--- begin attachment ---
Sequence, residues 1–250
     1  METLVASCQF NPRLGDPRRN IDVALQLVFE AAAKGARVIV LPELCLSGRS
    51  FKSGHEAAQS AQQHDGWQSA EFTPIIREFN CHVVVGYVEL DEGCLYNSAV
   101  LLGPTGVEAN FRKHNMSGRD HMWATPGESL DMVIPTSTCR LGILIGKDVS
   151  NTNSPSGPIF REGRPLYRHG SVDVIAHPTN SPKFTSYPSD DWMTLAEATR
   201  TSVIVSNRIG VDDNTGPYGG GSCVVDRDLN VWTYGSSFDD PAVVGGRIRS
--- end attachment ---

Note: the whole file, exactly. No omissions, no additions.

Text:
Sequence, residues 1–250
     1  METLVASCQF NPRLGDPRRN IDVALQLVFE AAAKGARVIV LPELCLSGRS
    51  FKSGHEAAQS AQQHDGWQSA EFTPIIREFN CHVVVGYVEL DEGCLYNSAV
   101  LLGPTGVEAN FRKHNMSGRD HMWATPGESL DMVIPTSTCR LGILIGKDVS
   151  NTNSPSGPIF REGRPLYRHG SVDVIAHPTN SPKFTSYPSD DWMTLAEATR
   201  TSVIVSNRIG VDDNTGPYGG GSCVVDRDLN VWTYGSSFDD PAVVGGRIRS